Cowboy Music in the Urban Archipelago
As we speak, I’m listening to a three-disc collection called Boots, Buckles & Spurs: 50 Songs Celebrate 50 Years of Cowboy Tradition. It’s a box set compiled by Sony Nashville that, from what I can tell, has something to do with Wrangler jeans. I can’t say much for the liner notes, but the collection itself is pretty exhaustive. I’m not looking to write a review about it; it’s just got me thinking about this trend that’s been emerging over the last couple of years where folks like me in cities like this one (Seattle) are cottoning up to the old school of country music.
A good friend recently commented on the tendency our local hipsters have of pulling on cowboy boots as a fashion statement; absurd to her, whose boots are actually caked with manure she stepped in when she was enticing her giant horse toward the barn for a brushing. Then again, we live in Seattle, where someone like her can keep their horse on the other side of the lake, on a sprawling farm that backs up to 400 acres of horse trails. Here in the grunge capital, we’re still living in the wild west, the final outpost of the country before you drop into the Pacific. Back east, near my hometown down south, and in Texas where country singers make an honest living, we’re almost too far out on the frontier for them to even pull their rental vans into town to set up their pedal steels on the sticky stage at the Tractor Tavern. Somehow, for all these reasons, it’s starting to make some sense to me that Seattleites are turning on to country music. It might look like a city, but we locals know the truth of things. Then again, I get paid to think people love this stuff and I drank the kool-aid a good decade ago when “roots” and country music (not to be confused with the other “country” music) were in a brief period of remission.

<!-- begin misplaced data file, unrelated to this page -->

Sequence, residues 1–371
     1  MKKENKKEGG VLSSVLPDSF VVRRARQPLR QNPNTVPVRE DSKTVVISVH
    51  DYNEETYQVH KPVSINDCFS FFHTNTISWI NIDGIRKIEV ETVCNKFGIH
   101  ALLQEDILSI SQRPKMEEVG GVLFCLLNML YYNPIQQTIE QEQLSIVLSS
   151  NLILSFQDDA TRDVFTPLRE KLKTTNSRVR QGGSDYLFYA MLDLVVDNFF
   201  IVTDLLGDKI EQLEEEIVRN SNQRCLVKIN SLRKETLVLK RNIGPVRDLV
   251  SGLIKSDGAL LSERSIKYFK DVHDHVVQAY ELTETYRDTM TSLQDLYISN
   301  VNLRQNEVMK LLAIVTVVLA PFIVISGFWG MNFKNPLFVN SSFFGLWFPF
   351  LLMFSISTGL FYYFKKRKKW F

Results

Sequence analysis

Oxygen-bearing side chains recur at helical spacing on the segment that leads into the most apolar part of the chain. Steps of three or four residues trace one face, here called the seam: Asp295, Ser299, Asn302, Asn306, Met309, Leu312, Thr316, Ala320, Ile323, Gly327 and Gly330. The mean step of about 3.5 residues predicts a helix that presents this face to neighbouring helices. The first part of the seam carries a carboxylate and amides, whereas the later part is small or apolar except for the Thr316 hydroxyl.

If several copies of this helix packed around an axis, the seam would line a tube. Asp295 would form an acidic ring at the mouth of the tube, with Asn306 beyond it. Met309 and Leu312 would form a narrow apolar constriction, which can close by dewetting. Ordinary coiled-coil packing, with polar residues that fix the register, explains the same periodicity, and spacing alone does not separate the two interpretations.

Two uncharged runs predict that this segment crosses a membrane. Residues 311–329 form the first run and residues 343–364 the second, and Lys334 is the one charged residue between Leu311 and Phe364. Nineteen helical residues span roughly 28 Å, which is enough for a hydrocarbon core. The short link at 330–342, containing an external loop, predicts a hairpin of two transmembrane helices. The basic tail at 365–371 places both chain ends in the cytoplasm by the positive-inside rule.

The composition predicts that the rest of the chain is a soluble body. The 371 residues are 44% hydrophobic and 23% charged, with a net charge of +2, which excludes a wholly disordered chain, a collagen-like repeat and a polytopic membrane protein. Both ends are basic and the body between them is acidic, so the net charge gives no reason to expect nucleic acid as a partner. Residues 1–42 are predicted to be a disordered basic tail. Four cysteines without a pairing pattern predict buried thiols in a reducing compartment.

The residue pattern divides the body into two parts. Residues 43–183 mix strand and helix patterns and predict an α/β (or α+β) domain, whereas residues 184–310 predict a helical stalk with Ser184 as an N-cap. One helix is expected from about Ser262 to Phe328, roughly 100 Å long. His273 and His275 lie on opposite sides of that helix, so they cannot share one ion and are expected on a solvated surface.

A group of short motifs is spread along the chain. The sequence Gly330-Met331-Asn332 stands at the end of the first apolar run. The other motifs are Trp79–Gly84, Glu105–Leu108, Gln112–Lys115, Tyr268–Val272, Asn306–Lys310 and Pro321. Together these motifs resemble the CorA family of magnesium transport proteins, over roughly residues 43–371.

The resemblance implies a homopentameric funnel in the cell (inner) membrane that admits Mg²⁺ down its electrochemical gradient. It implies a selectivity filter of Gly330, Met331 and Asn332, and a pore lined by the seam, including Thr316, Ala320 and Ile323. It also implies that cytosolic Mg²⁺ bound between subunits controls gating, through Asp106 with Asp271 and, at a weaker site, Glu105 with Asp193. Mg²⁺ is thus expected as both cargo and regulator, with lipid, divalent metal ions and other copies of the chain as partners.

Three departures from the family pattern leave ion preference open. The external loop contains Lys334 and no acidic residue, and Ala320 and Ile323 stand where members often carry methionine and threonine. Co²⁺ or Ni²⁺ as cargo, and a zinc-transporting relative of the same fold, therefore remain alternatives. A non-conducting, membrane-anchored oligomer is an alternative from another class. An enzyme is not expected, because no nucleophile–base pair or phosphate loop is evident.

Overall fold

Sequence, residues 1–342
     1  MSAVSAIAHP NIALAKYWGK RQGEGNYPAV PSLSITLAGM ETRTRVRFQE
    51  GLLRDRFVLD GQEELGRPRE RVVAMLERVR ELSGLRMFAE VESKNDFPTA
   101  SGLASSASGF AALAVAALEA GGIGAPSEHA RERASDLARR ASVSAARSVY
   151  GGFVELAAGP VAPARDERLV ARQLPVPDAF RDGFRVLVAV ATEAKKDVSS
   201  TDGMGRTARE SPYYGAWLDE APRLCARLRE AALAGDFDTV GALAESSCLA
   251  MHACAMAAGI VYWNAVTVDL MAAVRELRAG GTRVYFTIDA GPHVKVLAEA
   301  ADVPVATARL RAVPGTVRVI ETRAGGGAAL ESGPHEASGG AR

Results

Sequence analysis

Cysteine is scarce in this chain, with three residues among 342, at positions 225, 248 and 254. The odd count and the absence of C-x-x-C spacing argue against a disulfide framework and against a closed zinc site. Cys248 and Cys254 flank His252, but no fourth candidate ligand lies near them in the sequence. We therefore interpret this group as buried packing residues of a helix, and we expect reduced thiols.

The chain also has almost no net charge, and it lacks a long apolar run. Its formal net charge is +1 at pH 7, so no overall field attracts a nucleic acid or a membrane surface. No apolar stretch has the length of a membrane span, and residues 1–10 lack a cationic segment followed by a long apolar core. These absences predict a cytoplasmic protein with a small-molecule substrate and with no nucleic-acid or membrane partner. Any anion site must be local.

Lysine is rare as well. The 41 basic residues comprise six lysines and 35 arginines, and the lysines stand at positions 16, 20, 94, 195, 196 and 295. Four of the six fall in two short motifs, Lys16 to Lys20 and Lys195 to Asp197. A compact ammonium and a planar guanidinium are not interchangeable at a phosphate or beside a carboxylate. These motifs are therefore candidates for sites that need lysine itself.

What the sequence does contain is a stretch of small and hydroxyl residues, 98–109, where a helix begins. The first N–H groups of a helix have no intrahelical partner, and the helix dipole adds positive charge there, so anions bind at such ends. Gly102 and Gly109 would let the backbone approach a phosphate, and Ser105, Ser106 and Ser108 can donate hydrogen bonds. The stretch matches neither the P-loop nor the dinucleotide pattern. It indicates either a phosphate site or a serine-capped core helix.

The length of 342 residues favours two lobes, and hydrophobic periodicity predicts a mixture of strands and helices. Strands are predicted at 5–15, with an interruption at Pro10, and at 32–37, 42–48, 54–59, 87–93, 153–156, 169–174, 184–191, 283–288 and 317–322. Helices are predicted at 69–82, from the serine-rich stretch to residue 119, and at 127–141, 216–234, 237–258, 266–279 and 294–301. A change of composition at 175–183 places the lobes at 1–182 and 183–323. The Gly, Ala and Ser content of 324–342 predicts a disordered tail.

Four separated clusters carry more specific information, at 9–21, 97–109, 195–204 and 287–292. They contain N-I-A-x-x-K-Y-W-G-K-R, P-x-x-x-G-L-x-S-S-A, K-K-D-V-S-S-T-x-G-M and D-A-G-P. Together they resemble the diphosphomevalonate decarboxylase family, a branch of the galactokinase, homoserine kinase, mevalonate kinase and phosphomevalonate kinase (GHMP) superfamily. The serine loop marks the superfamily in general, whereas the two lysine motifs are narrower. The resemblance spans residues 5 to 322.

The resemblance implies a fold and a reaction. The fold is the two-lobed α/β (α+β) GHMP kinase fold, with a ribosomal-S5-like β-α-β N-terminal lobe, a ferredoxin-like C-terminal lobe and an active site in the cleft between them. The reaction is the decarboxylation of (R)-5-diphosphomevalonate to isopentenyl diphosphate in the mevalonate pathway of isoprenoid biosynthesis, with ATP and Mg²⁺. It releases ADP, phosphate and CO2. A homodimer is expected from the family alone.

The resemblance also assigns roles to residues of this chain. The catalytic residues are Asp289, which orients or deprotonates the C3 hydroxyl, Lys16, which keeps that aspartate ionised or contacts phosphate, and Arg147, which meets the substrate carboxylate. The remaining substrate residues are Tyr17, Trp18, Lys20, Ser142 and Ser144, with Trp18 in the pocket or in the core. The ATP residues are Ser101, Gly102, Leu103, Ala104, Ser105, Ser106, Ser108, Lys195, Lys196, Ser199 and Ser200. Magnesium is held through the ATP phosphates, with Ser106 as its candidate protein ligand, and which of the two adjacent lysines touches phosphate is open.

So what’s bringing it all back? I can’t believe it’s only going on out here in the wild west. I can’t believe I’m the only person under 35 who would spend a rainy day grooving to Willie and Waylon singing “Mamas Don’t Let Your Babies Grow Up to Be Cowboys.” I know because I hear it in the music that’s coming out of our local scene these days, but I also hear it coming from folks my age in the Carolinas, Colorado, the Boston songwriter scene, etc.
I have this crazy idea that it’s a reaction to the political atmosphere we’ve gotten into. Maybe we’re so far past a need to sing protest songs. We missed that train (though of course I know well plenty of people have been singing those songs). We long ago passed the “just cheer up” and “just buck up” music. We’re in a pathetic environmental and economic disaster zone, still shaking the dust off the ideas of justice and community that have been lying somewhat dormant (at least in the greater, umbrella of America sense) for the duration of the Bush Years. But, I’ve suggested this to some of the artists making this music and they all tend to think about it for 30 seconds before shaking their head and saying something about how it just feels more honest and accessible. But why? Why all at once? No songwriter exists in a vacuum. We’re older than our parents were when they started digging up all those obscure old timey tunes and Harry Smith’s Anthology and all those other styles that roots labels like Rounder were founded on. So it’s hard to swallow what older and wiser folks have told me about every generation getting turned onto this stuff when they’re young.
I don’t have an answer, but it’s becoming an obsession of mine. Probably in no small part because I’m me (a folk and country song singing freelance roots music reporter) and I live where I live, a town known for its rock and roll – forget that Jimi was a blues guitarist, Ray was a country singer, and Kurt liked to cover Leadbelly. Of course the easy answer is that it never went away. When I started writing rootsy songs 13 years ago and I called myself a folksinger or whatever other word I could come up with, it struck most people as an odd choice for a young person with a musical inclination. Now, it seems normal for the young and hip to sidle up to these yodeling country songs and all that other rootsy stuff ND has spoken to over the years…to claim an artistic connection with Willie and Waylon, Merle, Roy, and Hank.
What’s changed? Any ideas?